A LOCAL development analyst has challenged the government to disclose the details of the investment protection deal it recently signed with Canada.
Canada, home of the largest mining investors in Zambia, last week moved in to secure its investments in Zambia with the signing of a foreign investment promotion and protection agreement ( FIPA).
A FIPA is a treaty designed to help protect a country’s investments abroad through legally binding provisions and to promote foreign investment in the other country.
But Nsama Chikwanka, a Lusaka- based development analyst, said Zambia’s signing of a FIPA with Canada raises a lot of questions.
“For example, who signed on behalf of Zambia? What is the range of investments covered in the agreement? Why was it done from Canada when there’s an embassy nearby; was it to avoid public scrutiny? Why should we continue to sign important documents in secrecy?” he noted.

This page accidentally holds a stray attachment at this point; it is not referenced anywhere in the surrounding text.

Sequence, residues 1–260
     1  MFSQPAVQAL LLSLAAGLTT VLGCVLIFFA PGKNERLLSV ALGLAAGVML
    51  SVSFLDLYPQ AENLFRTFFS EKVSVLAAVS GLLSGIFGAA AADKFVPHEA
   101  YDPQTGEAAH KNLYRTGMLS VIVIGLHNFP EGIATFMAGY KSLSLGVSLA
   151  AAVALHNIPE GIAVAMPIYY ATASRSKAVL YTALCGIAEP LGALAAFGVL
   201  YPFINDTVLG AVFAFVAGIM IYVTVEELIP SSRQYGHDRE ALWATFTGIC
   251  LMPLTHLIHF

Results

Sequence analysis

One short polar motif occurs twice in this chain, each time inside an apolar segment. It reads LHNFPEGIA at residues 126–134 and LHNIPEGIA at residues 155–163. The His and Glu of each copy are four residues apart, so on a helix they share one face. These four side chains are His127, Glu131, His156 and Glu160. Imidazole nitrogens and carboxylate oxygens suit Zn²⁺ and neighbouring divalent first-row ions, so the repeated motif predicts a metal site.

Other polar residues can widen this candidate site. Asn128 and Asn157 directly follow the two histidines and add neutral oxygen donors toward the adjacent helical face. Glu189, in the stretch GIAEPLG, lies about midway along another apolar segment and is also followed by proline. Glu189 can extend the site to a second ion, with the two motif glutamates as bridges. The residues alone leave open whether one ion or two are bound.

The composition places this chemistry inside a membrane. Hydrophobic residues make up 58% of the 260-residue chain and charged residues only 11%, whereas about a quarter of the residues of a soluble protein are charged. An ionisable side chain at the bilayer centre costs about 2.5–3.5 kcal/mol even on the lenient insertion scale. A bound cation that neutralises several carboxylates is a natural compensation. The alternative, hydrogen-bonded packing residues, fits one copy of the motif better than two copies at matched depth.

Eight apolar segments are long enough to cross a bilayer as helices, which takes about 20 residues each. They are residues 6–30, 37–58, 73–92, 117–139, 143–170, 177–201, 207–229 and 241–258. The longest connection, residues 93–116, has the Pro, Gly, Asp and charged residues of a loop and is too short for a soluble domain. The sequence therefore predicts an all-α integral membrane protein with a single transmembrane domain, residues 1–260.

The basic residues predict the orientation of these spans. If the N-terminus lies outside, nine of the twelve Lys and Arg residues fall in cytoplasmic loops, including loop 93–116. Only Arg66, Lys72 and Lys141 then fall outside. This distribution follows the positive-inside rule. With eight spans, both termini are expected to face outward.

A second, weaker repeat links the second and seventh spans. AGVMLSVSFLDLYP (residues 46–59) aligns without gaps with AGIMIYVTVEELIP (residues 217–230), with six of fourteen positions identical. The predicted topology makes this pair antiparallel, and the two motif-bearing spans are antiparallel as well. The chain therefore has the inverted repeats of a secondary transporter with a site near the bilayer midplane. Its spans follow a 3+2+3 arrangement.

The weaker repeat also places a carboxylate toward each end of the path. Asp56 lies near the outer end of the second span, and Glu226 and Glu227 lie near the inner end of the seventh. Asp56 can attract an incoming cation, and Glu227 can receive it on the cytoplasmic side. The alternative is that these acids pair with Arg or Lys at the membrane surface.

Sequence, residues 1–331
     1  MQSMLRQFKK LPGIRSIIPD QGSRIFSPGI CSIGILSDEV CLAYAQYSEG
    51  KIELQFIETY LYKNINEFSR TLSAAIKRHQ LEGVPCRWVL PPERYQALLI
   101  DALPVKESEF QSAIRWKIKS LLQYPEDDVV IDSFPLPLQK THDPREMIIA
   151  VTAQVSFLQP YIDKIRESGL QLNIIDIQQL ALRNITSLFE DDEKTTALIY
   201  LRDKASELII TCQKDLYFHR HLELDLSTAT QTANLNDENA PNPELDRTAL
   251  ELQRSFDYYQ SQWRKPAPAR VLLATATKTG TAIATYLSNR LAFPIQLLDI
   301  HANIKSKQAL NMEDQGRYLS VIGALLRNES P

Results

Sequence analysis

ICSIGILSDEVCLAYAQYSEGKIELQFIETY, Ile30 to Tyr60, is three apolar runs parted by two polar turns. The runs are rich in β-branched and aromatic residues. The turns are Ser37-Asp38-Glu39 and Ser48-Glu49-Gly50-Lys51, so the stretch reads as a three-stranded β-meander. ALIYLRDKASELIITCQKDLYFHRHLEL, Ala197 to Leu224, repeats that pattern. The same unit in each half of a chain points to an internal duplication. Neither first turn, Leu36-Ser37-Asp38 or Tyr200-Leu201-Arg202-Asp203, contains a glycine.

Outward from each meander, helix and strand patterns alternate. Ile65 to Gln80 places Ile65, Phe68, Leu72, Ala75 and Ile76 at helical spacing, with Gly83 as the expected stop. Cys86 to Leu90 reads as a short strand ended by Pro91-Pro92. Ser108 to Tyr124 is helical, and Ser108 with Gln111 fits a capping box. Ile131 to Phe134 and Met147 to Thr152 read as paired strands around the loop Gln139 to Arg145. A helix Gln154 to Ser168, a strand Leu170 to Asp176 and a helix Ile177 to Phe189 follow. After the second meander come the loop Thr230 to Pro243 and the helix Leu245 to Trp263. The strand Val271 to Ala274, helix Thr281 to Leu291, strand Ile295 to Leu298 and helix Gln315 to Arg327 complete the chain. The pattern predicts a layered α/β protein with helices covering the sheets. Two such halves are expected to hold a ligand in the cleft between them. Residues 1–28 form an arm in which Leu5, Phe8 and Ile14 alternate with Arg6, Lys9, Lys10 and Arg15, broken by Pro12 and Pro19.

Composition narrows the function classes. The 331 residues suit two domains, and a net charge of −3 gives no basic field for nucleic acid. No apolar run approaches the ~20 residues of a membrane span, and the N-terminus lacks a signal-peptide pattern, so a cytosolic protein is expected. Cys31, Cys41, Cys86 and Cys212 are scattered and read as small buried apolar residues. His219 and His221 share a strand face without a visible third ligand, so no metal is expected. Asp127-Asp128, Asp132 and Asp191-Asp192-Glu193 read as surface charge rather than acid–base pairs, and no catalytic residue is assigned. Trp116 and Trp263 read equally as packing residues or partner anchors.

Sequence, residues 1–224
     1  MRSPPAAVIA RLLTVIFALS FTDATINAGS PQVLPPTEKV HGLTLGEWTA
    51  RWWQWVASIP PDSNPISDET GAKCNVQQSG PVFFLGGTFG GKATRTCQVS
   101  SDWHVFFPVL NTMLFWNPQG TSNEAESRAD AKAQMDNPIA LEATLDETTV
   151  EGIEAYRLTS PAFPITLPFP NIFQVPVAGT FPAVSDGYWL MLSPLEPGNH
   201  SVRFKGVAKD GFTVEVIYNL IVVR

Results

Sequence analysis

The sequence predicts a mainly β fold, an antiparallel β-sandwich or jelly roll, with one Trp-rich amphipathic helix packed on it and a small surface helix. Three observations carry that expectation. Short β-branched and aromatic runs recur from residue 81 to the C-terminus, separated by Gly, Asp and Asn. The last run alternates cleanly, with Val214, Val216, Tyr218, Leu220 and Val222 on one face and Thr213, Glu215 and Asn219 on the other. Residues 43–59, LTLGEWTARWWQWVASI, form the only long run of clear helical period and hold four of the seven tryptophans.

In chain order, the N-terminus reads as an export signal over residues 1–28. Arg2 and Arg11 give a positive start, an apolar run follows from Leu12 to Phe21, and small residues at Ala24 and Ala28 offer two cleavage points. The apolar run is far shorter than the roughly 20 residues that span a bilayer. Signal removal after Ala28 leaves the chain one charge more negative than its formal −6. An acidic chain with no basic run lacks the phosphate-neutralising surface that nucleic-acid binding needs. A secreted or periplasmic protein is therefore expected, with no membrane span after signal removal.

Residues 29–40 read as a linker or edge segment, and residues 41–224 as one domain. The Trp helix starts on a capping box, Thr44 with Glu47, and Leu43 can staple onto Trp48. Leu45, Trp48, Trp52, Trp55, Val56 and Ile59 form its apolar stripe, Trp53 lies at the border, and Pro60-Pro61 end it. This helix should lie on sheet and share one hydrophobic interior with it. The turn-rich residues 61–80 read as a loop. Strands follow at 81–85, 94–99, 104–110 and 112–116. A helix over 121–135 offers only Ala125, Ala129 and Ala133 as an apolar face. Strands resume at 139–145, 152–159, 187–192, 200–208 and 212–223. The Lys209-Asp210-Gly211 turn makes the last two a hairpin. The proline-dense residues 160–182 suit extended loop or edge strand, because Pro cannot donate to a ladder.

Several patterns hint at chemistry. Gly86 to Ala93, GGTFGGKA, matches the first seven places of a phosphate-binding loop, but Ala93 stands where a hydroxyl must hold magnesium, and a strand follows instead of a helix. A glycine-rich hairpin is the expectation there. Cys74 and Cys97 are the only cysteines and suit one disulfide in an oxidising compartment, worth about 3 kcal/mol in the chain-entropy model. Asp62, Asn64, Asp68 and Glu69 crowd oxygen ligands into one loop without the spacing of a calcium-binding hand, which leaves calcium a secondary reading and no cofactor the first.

“It is important that government is seen to uphold transparency in its dealings, and therefore, Zambians need to know the details of this agreement.”
He said Zambians were all too familiar with mineral development agreements and the adverse effects these has had on future revenues for the country and on local benefits.
Chikwanka said agreements like FIPAs create an unequal environment with other investors and also undermine the very essence of competition.
“It is agreements like FIPAs that government enters with individual multi- national corporations ( MNCs) without the full knowledge of other stakeholders accessing the details that are responsible for the allegations and counter allegations recently witnessed in the local media on the tax avoidance cases involving a named MNC,” he said.
The trend by countries to sign investment protection agreements such as FIPAs has became especially pronounced in recent years as emerging nations seek to renegotiate terms of mining investments in the wake of booming prices for metals like gold and copper, trading several times more than they were a few years ago.
Canadian companies have invested more than US$ 6billion in Zambia.
In 2011, Barrick Gold Corporation, the world’s largest gold miner and one of Canada’s largest miners, spent US$ 7.3 billion on the acquisition of Zambia- focused Equinox Minerals as it pursued assets in the country’s Copperbelt Province.